The ability to convert is uniquely human. When we awaken to a new faith, join a new political movement, or take on a new identity, we exercise our freedom to reinvent ourselves and also to become who we were always meant to be.
But what if conversion is really a leap into a false ideal, a con game, or something imposed on us by external forces? We treasure the freedom to remake ourselves, but we are also troubled by our own changeability and impressionability.
The Conversions project has brought together an international team of scholars and artists to study the first great Age of Conversion. From around 1400 to 1700, Europeans converted their religious, social, political, and even sexual identities—sometimes voluntarily, sometimes by force.
People in the 21st century also live in a time of globalization and massive change that sees the uncontrolled growth of youth radicalization, conversion-centred violence, and a multi-billion-dollar personal transformation industry.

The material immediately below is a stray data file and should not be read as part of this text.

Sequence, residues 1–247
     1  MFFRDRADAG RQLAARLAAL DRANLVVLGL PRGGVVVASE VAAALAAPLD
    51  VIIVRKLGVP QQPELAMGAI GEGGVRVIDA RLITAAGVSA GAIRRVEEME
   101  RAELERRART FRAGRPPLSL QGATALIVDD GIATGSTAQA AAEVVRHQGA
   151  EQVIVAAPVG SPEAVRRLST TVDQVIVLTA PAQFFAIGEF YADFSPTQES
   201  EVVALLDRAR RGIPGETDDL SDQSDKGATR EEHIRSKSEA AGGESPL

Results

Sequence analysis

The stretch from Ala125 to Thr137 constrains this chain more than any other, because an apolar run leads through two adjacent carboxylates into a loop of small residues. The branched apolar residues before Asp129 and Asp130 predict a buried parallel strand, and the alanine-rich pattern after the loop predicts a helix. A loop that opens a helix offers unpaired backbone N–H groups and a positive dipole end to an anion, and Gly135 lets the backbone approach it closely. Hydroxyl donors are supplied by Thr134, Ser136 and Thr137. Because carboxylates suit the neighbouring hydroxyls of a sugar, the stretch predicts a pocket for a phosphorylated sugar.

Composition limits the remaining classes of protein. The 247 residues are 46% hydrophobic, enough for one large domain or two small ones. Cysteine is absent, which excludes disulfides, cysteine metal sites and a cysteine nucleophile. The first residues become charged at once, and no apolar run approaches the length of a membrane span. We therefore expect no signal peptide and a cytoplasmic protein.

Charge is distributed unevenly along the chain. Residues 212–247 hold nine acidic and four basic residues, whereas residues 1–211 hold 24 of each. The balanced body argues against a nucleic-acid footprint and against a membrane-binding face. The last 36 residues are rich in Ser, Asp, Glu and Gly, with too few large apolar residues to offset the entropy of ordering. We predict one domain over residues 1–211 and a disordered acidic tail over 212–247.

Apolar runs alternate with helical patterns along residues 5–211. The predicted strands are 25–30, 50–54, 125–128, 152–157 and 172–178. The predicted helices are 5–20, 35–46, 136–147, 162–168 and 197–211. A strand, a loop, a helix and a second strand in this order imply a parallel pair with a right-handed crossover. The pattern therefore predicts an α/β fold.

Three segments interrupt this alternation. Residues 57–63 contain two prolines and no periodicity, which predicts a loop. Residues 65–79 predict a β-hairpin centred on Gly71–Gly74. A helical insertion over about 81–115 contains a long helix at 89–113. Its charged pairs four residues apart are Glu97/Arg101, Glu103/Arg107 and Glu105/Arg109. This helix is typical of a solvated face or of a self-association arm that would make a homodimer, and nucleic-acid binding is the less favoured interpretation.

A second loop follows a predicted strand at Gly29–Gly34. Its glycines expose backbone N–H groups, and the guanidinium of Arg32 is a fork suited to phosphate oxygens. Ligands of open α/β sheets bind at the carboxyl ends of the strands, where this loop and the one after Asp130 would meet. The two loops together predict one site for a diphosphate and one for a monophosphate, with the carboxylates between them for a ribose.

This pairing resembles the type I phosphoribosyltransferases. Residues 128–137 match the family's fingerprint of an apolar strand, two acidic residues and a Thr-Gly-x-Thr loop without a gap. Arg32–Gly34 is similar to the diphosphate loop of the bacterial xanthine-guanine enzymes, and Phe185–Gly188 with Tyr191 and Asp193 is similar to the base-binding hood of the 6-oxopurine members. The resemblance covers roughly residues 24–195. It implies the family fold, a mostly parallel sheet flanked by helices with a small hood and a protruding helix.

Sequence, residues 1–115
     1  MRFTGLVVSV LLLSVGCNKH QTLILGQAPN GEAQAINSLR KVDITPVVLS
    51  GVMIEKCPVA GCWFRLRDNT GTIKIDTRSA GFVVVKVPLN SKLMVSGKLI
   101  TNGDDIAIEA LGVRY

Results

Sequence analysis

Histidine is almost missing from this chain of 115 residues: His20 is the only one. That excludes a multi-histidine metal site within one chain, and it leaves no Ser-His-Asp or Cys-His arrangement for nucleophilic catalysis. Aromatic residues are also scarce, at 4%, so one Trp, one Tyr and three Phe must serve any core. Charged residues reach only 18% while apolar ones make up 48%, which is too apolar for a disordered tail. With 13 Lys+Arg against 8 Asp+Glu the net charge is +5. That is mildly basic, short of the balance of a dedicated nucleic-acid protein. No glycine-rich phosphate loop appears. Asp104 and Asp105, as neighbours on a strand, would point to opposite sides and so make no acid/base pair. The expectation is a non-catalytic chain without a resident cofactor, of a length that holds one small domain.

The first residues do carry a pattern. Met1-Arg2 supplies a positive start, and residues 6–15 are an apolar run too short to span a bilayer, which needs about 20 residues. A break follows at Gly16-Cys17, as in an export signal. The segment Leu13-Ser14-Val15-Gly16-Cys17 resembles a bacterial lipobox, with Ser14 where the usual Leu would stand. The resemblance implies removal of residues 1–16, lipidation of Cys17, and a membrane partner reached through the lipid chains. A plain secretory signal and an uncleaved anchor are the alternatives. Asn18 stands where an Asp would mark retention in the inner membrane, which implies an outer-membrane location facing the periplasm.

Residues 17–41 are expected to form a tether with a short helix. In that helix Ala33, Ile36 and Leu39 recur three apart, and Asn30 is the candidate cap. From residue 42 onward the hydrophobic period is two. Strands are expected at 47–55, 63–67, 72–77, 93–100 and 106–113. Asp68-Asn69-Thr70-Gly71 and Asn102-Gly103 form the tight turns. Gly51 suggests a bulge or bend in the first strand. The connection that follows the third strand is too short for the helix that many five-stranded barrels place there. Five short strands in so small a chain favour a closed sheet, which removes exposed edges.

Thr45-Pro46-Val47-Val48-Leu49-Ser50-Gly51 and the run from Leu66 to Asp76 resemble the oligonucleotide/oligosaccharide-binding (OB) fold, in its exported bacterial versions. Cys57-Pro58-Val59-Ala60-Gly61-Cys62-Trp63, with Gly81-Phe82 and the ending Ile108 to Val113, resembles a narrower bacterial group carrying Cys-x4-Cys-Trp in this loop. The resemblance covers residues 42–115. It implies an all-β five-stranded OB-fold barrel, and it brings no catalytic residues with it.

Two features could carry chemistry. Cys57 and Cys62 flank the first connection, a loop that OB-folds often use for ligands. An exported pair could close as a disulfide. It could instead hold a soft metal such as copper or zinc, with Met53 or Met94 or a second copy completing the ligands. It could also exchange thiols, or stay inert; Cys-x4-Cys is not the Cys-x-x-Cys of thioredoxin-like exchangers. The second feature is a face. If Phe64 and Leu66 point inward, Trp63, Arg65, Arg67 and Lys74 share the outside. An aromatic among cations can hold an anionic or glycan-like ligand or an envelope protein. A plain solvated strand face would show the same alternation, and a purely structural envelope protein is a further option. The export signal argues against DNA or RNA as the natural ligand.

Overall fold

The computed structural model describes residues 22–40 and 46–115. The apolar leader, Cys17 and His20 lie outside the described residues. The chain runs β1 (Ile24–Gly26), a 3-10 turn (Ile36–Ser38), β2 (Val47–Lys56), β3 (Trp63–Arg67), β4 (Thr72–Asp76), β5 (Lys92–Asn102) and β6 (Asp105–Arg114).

The Conversions project brings historical scholarship and the creative arts to urgent questions that face us now as we enter the second great Age of Conversion.
Early Modern Conversions Project
McGill University 3610 McTavish St, Office 16-2 (1st Floor)
Montreal, QC H3A1Y2
conversions [at] mcgill.ca